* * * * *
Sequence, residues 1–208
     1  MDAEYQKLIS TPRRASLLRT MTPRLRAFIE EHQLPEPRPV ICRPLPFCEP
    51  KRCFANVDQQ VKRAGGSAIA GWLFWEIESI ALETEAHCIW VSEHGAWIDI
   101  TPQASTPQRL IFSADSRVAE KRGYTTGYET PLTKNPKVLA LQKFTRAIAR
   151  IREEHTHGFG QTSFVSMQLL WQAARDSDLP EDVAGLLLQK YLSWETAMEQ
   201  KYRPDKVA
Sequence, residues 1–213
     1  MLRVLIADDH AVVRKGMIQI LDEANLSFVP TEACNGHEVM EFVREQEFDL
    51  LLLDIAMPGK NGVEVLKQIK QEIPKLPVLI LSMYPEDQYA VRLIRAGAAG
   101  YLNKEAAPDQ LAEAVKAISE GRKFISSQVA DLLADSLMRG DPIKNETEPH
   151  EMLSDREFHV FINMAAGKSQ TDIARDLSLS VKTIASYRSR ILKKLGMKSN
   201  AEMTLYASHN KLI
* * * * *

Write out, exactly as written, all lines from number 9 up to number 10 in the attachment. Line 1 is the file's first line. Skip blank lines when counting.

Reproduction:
    51  LLLDIAMPGK NGVEVLKQIK QEIPKLPVLI LSMYPEDQYA VRLIRAGAAG
   101  YLNKEAAPDQ LAEAVKAISE GRKFISSQVA DLLADSLMRG DPIKNETEPH